Glenn Stevens, the central bank governor, said in a statement that “in late 2008 and early 2009, the cash rate was lowered quickly, to a very low level, in expectation of very weak economic conditions and a recognition that considerable downside risks existed”.
He said: “That basis for such a low interest rate setting has now passed, however.”
Australia is the only major Western nation to avoid a recession in the downturn and posted growth of 0.6 per cent in the three months to June.
“The RBA had widely advertised it was near to edging up rates from their extraordinary lows, and now it’s done so,” Rory Robertson, an interest rate strategist at Macquarie, the financial services organisation, said.
“It will be a gradual move from an emergency rate of 3.0 per cent to a still-easy 4 percent.
“If everything goes well over time, then we could get back to a more normal five per cent in the next year or two.”
Rates in the US, the euro zone, Britain, Canada and Japan are all at or under one per cent.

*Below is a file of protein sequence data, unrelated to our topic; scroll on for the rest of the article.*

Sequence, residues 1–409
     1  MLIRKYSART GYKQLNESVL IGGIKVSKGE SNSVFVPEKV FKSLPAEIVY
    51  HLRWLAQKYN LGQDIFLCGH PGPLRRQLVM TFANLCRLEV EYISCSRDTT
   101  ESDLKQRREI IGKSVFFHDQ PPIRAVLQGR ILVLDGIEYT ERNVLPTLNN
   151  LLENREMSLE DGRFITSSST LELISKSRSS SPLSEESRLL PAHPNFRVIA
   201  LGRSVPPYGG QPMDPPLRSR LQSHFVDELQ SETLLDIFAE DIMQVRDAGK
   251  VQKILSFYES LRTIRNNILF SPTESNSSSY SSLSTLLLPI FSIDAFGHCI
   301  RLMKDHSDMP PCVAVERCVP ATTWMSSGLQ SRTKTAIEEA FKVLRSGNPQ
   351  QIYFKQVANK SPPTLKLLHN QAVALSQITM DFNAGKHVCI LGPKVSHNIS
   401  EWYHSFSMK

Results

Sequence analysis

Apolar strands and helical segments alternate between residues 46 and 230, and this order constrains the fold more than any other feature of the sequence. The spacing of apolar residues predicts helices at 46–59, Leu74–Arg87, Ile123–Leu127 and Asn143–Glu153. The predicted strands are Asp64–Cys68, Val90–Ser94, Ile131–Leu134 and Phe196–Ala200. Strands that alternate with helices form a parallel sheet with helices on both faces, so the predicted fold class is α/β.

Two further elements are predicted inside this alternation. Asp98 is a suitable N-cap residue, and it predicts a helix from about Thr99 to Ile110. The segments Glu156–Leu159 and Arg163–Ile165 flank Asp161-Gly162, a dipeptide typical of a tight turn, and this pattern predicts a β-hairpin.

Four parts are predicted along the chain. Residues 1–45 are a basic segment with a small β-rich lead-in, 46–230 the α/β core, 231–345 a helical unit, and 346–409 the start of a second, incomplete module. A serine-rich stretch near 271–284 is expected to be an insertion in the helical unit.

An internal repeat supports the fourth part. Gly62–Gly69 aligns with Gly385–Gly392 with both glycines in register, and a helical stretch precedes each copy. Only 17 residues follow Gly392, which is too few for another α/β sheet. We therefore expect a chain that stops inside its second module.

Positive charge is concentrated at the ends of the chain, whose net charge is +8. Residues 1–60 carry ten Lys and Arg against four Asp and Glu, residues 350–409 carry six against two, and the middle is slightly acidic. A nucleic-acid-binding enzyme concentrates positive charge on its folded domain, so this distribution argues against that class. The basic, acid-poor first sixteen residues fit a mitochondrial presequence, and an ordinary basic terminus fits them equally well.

Such pre-emptive policy largely reflects the strengths of Australia’s economy, which boasts a sound banking system and strong demand from China for its commodity exports.
Australia was the only developed nation to grow in the first half of this year.
That helped Wayne Swan, the treasurer, sound sanguine on what was be an unpopular move in a country obsessed with home ownership.
“The Australian economy is outperforming other advanced economies and I guess many economists will see the decision today as a consequence of economic recovery,” he said.
Warren Hogan, chief economist at banking services organisation ANZ, said: “We’ve got what looks like a gradual tightening process in train, probably by another 25 basis points next month, and then another couple of times early next year.
“They will probably get rates up to four to 4.25, and then they will pause.
“You may not see rates back to the four to six per cent level until well into 2011.”